Two new versions of the PW1000 family will be developed for the Embraer program, unofficially dubbed the “G2.” Covering a range of 15,000-22,000 lb. thrust, they comprise the PW1700G and PW1900G, the former aimed at the second-generation E-170/-175 and the latter the new variant of the larger E-190/-195. Silva says the engine decision was made on the basis of technical and commercial considerations. “We do appreciate the relationship with GE, but the proposition that Pratt is offering seems to us [to bring] more value to our customers based on fuel burn and maintenance costs. So we believe it is the best option.”
Despite the busy development schedule now facing Pratt, Silva says Embraer is “very comfortable in that regard. United Technologies/Pratt & Whitney is a big organization.” Silva adds that Pratt's ongoing progress with development of geared turbofans for CSeries, the Mitsubishi Regional Jet (MRJ), Airbus A320NEO and Irkut MS-21 has reassured the Brazilians that “their engine will deliver the savings our customers are looking for. The decision we are making today is the most credible and we are comfortable with it.”
Part of Embraer's comfort level is based on the fact the PW1700G will be configured with a 56-in.-dia. fan, while the PW1900G will have a 73-in. fan. The smaller engine is therefore a clone of the same-sized PW1200G in advanced development for the MRJ, while the PW1900G is similarly almost identical to the PW1500G now poised to power the first flight of the CSeries. The first engine to go to test is expected early in 2015 in order to provide ample margin for the planned start of flight tests of the initial next-generation Embraer jet in 2016.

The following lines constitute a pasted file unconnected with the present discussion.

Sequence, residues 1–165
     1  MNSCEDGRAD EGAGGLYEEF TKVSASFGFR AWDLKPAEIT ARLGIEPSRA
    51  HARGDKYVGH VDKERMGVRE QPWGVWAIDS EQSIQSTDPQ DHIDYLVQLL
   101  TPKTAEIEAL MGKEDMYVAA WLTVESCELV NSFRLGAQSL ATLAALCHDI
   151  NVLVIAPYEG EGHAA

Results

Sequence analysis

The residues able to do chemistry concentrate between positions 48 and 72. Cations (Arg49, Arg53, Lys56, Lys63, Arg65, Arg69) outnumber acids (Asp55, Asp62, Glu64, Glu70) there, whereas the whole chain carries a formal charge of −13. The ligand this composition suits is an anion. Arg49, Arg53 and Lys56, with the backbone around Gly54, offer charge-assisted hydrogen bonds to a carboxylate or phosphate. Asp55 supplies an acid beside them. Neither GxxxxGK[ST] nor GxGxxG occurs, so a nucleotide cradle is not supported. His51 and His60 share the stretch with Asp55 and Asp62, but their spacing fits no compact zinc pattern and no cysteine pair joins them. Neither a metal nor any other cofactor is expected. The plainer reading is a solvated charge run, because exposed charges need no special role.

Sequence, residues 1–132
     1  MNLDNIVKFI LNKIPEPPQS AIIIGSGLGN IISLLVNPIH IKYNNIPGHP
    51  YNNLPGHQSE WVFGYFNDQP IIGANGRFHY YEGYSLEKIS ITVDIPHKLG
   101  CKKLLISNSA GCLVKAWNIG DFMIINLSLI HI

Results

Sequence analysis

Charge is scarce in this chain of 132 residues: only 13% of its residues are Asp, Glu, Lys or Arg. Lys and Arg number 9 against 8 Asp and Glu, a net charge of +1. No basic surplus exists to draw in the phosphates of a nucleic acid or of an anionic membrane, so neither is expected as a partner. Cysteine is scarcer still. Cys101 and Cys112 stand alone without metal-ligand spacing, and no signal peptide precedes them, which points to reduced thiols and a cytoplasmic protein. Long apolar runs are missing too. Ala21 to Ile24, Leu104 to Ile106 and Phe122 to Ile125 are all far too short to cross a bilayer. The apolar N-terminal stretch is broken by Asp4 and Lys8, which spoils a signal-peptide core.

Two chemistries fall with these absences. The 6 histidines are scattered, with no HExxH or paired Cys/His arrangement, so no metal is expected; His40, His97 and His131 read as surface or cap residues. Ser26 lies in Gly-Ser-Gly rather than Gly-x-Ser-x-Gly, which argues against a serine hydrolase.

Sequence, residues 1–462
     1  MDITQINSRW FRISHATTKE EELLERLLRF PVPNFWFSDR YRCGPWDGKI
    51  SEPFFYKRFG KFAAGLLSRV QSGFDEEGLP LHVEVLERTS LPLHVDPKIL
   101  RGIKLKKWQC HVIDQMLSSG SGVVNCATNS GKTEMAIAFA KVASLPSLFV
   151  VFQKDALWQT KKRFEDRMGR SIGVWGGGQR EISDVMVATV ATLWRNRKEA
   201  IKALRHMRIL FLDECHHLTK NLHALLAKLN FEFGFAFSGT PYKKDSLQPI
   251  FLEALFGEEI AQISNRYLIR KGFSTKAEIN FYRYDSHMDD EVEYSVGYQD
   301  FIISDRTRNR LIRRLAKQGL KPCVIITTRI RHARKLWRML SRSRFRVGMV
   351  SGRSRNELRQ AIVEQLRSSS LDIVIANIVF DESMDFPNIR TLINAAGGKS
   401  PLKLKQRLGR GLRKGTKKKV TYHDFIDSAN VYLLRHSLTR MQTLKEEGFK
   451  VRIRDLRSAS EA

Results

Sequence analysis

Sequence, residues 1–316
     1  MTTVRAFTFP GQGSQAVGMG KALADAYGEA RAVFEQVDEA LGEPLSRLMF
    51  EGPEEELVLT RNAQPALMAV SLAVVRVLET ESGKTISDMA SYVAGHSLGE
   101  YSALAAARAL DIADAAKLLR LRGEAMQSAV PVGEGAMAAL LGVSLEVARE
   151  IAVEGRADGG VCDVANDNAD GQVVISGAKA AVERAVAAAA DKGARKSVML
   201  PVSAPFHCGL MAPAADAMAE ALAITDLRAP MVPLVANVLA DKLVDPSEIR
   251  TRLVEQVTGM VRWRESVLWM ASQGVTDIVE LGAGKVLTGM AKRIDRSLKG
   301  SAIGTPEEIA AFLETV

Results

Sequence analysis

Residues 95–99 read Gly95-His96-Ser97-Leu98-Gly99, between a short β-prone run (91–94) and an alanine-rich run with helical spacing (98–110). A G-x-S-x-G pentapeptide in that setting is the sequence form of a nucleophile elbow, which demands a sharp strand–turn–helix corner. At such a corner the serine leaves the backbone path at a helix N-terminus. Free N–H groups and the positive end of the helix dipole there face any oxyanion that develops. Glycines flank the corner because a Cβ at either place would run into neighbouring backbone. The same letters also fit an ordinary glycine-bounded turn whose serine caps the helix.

Pratt Next-Generation Product Family Vice President Bob Saia says commonality with the MRJ and CSeries engines eases the engine-maker's workload. “These will be newly certificated by model, but a lot of the reports will be based on initial certification tests already conducted on the other engines, such as fan-blade-out and so on.” He adds that the selection by Embraer represents “a good fit” for Pratt's overall market penetration strategy.
GE says it submitted a “very competitive bid that was good for our business and shareholders,” but adds that its “development and production plates are full for the next several years, including significant engine deliveries to Embraer.” The company also says it “looks forward to supporting the more than 1,900 CF34s in service on E-Jets. The engine base will continue to grow since the E-190/-195 is just halfway through its lifecycle.” Currently, 780 CF34-8Es are in service on the E-170/-175, and 1,200 -10Es power the larger variants.